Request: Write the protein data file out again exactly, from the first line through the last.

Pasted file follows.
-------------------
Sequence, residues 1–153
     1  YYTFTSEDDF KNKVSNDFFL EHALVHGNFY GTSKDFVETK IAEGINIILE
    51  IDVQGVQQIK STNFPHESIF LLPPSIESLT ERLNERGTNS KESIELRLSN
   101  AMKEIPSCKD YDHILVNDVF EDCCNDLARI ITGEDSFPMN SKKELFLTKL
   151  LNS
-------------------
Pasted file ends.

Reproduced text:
Sequence, residues 1–153
     1  YYTFTSEDDF KNKVSNDFFL EHALVHGNFY GTSKDFVETK IAEGINIILE
    51  IDVQGVQQIK STNFPHESIF LLPPSIESLT ERLNERGTNS KESIELRLSN
   101  AMKEIPSCKD YDHILVNDVF EDCCNDLARI ITGEDSFPMN SKKELFLTKL
   151  LNS